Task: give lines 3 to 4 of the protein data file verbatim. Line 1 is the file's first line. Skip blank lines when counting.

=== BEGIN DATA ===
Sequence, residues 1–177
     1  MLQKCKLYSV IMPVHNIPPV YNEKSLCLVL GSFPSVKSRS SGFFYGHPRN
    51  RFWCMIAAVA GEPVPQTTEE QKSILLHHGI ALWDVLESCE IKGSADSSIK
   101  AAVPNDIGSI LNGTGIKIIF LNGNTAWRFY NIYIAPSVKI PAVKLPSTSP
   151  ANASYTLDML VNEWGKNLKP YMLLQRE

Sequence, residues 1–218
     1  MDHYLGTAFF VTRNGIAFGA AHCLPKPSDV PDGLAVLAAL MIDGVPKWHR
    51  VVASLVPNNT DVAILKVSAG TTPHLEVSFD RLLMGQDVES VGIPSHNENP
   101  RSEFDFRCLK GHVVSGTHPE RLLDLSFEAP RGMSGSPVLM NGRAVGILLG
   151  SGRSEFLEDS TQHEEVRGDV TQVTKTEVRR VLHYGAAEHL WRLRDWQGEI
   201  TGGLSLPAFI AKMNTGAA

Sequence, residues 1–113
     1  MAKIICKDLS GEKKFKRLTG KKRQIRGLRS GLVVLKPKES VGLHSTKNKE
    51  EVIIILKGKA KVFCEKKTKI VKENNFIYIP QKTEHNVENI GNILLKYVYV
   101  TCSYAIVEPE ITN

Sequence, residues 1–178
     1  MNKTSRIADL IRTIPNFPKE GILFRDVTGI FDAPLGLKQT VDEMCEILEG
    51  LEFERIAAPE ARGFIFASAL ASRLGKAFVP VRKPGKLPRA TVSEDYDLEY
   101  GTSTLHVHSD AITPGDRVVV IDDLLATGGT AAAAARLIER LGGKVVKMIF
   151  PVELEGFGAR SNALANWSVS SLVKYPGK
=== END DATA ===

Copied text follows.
    51  RFWCMIAAVA GEPVPQTTEE QKSILLHHGI ALWDVLESCE IKGSADSSIK
   101  AAVPNDIGSI LNGTGIKIIF LNGNTAWRFY NIYIAPSVKI PAVKLPSTSP